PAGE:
In nature, the horse is a gregarious, roaming animal that grazes constantly. In captivity, the horse is frequently confined, alone, and without anything to chew. When you consider the changes in habits that we ask of the horse, it is amazing that he adapts at all. When pushed too far he will find ways to satisfy his physical and psychological needs and, like humans, what is too far varies widely from individual to individual. With repetition, these adaptations to an abnormal environment can become ingrained behavior that are impossible to eradicate.
A Biochemical Addiction
All of the common stable vices stem from poor adaption to captive management. They are mostly psychological adaptations that help calm the horse. Some of these vices even have established biochemical pathways and are analogous to drug addiction: the behavior causes the release of chemicals in the brain that relax the horse. With this is mind two points jump out:
- Punishment for a stable vice will probably stress the horse more and worsen the problem.
- Prevention is done by providing as comfortable an environment as is possible. The following list should help:
- Allow as much pasture time as possible.
- When stalled make hay available constantly.
- Avoid keeping a horse stalled alone.
- Keep windows open so the horse can see out, even better is to allow him to stick his head out.
Cribbing or Windsucking
The horse grabs onto a fixed object with his teeth, arches his neck and grunts. The behavior is usually brought on by boredom or frustration. It is said that horses can also learn this behavior watching other horses do it. Ample time on pasture and hay when stabled will go a long way to prevent this behavior from developing.
If started very early in the behavior, a cribbing strap may prevent the behavior from becoming fixed. Cribbing straps are effective for most confirmed cribbers but must be put on tightly. Cribbing straps vary in design and harshness. Use the mildest strap you can get by with. To prevent sores from developing, buy several cribbing strap covers and keep a clean cover on the strap by changing it every few days. A relatively new version marketed under the name “Miracle Collar”, has proven to be very effective and most horses seem to be able to wear this collar without developing sores.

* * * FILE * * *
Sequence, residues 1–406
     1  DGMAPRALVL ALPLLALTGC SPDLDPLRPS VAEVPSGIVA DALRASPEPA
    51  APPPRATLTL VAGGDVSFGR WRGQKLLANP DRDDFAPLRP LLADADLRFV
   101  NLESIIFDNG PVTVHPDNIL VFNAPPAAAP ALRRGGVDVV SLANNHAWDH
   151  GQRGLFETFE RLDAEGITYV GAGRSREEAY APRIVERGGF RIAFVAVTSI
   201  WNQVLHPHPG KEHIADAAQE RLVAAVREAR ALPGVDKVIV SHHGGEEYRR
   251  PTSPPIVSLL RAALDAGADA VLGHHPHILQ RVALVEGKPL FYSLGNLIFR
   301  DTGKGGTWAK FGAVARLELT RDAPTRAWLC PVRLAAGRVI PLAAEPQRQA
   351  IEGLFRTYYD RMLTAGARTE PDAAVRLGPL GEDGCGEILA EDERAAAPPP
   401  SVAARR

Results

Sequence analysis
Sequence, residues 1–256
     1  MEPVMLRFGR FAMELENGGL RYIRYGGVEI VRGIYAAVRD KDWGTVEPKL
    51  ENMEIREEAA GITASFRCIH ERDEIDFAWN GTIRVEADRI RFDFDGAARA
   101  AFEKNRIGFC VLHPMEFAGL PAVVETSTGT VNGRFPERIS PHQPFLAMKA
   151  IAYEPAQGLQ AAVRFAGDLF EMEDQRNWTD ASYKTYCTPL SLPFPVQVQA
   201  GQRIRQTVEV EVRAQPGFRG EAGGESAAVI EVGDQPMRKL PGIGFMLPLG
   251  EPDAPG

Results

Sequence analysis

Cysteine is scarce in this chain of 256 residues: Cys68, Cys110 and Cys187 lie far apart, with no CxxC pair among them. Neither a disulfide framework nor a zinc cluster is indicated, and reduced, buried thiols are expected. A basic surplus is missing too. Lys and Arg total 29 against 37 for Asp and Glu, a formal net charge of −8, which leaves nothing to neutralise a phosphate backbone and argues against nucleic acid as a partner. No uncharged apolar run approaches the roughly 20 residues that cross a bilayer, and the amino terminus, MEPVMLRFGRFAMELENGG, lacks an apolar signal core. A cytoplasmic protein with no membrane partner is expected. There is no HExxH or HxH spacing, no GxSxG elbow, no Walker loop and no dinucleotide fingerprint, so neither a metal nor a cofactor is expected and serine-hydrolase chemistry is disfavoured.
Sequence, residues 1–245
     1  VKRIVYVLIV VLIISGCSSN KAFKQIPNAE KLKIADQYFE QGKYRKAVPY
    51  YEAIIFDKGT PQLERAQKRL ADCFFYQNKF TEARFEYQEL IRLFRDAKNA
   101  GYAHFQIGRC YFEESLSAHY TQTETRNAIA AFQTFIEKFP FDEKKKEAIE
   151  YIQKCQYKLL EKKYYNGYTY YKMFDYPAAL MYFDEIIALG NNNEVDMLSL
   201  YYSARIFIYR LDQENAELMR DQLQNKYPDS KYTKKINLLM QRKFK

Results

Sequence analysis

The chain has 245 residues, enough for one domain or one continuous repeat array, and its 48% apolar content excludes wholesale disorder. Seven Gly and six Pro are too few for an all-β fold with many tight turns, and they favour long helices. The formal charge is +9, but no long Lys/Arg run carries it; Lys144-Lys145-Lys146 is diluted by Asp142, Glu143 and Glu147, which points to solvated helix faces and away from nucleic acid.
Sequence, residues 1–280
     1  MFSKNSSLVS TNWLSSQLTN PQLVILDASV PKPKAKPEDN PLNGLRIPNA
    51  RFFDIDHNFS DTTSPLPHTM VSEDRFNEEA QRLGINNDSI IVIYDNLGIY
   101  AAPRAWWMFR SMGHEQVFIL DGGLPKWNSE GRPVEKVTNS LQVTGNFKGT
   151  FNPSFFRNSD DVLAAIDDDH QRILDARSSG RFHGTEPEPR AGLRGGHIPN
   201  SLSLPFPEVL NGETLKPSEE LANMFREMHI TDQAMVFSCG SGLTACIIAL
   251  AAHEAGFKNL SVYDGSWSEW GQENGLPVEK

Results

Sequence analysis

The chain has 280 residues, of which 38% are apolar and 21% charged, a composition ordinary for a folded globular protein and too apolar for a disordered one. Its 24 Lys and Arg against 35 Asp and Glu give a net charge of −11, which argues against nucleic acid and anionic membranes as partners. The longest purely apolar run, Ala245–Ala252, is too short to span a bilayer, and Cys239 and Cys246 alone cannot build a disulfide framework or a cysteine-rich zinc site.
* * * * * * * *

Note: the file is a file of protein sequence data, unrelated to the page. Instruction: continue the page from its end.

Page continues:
There is a surgery available that is fairly effective when done early. The modified Forssell’s surgical procedure may provide the best results with a 60% success rate in one large study. Surgical treatments include bilateral buccostomy (creating bilateral buccal fistulae to prevent development of an oral vacuum), neurectomy of the ventral branch of the spinal accessory nerve (to prevent motor activity of the sternomandibularis muscle), Forssell’s procedure (resection of a segment of the omohyoideus, sternothyroideus and sternomandibularis muscles), and the modified Forssell’s procedure (transection of a large segment of the ventral branch of the spinal accessory nerve, and transverse and oblique sectioning of the cranial, middle and caudal aspects of the omohyoideus and sternohyoideus muscles).
This is a common behavior in horses that frequently does not have a nutritional basis but a psychological one. Check the horses diet to be sure it is balanced and adequate in amount. Provide a salt block if one is not available and be sure the horse has free access to hay or grass. Cover all the board surfaces with carboleum or angle iron. Trees can be wrapped with chain link fence to prevent debarking.
Pawing and weaving
Horses that weave, paw or walk the stall should be stalled as little as possible. The same management advice provided for cribbing and chewing is applicable here. Providing more exercise may decrease this behavior.
Contributed By: Robert N. Oglesby DVM